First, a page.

Previously, the Lib Dems had just two district seats on North Yorkshire County Council.
Now they have 10 compared to nine for the Conservatives in what marks a big swing of power and public mood.
Not only that, but the Lib Dems look set to remain the biggest party in Harrogate for at least five years as the next local elections are not until 2027.
It is important to remember that North Yorkshire on the whole is still a Conservative majority after the party won 47 of the 90 available seats across the county.
But if the new North Yorkshire Council gets the local decision-making powers that have previously been discussed, the Lib Dems will very much be in Harrogate’s driving seat for years to come.
Speaking on Friday, Lib Dem leader Pat Marsh – who was elected as councillor for Stray, Woodlands and Hookstone – said the party was “thrilled” with the election results which she said reflected a belief that Harrogate had “lost its way” under Tory control.
Her long-serving Lib Dem colleague Philip Broadbank has now said the party’s focus will be on making sure decision-making powers over areas including planning and education are filtered down to a local level.
Cllr Broadbank said:
“The first and most immediate thing to get right is the decision-making arrangements in the new council and devolving power as much as possible to local areas.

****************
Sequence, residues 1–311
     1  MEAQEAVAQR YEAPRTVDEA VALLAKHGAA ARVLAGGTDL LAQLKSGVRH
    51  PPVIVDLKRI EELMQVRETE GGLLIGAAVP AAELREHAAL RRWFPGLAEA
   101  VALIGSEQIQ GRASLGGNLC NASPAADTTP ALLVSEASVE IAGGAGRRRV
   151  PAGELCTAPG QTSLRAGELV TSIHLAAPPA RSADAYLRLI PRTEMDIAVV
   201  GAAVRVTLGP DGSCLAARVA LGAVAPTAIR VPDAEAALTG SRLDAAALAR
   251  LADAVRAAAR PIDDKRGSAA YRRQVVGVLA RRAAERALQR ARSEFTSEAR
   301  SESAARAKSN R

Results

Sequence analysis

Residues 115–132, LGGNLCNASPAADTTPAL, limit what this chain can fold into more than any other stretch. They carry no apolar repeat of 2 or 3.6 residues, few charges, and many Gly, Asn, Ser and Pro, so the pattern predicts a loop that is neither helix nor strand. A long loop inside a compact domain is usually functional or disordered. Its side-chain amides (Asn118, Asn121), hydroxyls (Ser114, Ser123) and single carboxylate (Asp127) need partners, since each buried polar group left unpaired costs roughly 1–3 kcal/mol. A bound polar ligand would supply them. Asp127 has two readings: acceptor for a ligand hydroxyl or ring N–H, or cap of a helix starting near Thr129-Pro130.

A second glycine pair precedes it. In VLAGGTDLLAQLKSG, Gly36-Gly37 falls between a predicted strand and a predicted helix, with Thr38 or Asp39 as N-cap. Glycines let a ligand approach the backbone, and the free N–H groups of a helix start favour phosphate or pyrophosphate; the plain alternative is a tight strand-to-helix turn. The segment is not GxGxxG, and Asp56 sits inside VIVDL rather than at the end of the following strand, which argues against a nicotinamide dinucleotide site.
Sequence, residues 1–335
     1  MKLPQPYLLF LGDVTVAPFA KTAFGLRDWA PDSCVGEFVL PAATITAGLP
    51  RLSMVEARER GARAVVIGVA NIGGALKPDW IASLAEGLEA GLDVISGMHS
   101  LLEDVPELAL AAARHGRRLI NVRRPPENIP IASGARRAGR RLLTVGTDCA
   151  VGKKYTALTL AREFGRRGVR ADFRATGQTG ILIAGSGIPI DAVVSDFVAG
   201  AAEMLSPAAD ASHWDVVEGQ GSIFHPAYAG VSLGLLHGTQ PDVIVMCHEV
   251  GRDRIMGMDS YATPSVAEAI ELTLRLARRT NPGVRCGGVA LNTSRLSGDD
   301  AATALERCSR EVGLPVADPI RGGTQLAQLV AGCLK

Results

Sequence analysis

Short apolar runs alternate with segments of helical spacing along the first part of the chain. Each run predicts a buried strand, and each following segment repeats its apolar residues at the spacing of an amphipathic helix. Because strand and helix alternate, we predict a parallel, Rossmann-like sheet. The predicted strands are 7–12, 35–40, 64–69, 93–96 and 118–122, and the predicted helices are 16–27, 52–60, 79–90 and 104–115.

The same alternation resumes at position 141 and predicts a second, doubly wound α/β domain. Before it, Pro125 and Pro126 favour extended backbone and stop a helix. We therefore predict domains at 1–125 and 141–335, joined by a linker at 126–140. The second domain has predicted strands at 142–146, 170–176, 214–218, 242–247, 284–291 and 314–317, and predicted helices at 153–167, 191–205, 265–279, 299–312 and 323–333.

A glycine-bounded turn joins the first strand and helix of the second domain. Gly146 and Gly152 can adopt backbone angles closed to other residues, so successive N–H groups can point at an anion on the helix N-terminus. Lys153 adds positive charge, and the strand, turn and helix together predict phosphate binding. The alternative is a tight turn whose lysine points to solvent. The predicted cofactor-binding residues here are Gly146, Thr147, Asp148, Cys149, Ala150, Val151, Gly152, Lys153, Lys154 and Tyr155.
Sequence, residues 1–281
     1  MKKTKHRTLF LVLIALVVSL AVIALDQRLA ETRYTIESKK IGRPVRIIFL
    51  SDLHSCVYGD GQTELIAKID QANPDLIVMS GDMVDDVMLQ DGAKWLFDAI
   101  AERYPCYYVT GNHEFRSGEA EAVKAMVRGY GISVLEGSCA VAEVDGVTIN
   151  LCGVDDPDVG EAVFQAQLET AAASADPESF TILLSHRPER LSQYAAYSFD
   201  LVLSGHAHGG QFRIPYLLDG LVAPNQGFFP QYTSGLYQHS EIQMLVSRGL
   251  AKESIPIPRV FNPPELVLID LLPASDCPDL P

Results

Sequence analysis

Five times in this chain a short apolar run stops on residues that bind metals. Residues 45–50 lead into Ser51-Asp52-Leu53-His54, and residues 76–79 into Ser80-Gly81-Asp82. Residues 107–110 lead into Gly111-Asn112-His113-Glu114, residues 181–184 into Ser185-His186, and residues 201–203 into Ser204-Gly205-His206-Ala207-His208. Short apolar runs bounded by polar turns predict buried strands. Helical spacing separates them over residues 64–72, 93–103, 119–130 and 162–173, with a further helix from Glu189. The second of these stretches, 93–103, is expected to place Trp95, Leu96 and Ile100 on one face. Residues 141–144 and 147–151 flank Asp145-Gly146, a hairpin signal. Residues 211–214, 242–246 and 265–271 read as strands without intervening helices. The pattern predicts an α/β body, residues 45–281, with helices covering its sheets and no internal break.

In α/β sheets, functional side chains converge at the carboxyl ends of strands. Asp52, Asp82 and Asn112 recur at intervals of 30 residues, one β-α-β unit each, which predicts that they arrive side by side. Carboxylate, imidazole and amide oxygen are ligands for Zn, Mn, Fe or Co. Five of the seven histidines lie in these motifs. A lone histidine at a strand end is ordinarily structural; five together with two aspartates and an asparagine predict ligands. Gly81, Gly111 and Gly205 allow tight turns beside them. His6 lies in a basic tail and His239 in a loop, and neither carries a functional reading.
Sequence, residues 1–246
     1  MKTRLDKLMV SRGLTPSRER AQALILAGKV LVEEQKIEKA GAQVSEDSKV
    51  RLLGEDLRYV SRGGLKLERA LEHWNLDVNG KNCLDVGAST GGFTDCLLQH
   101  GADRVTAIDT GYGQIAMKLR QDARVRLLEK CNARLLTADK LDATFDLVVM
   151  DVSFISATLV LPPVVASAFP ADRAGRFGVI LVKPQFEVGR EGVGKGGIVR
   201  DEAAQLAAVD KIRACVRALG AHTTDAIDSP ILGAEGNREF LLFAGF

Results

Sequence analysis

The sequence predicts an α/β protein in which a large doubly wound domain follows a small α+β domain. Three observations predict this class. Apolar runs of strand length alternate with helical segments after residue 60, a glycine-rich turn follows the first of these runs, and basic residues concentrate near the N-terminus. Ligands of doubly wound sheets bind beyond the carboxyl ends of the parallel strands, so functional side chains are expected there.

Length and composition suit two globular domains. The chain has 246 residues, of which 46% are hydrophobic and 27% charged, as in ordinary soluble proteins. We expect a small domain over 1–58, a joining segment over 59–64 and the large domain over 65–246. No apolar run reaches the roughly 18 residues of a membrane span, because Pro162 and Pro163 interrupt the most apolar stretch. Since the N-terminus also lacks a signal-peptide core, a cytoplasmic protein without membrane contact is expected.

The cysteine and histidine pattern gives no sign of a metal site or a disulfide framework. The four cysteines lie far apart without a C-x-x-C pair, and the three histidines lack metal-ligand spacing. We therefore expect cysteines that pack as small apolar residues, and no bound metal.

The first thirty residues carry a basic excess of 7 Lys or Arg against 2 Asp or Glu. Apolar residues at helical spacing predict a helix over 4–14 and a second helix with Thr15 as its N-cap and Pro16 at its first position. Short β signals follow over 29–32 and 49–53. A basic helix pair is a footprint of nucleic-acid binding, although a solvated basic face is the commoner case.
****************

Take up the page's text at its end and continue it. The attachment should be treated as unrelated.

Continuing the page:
“We will work to ensure our area gets a fair share of the funding promised by devolution and that our town centres receive the investment needed to encourage people to shop and meet for leisure.
“The next five years will give everyone a challenge to plan for long-term changes and find new ways of creating the investment that will be needed.”
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Cllr Broadbank, who won the Fairfax and Starbeck division, also said “no time should be lost” in pursuing the creation of a Harrogate Town Council which could require a local referendum.
Setting out his party’s other priorities for the new council, Cllr Broadbank said:
“We need to ensure that any savings that are found in the reorganisation are invested in our roads, footpaths, social and adult care, and public transport systems.
“We also need to encourage people to walk or cycle more when travelling short distances.
“Over the next few years there will need to be much more emphasis on enhancing and improving environmental initiatives.”
The new councillors elected last week will serve one year on North Yorkshire County Council, before a four-year term on the new North Yorkshire Council which launches in April 2023.
At this point, the existing county, district and borough councils – including Harrogate – will be abolished.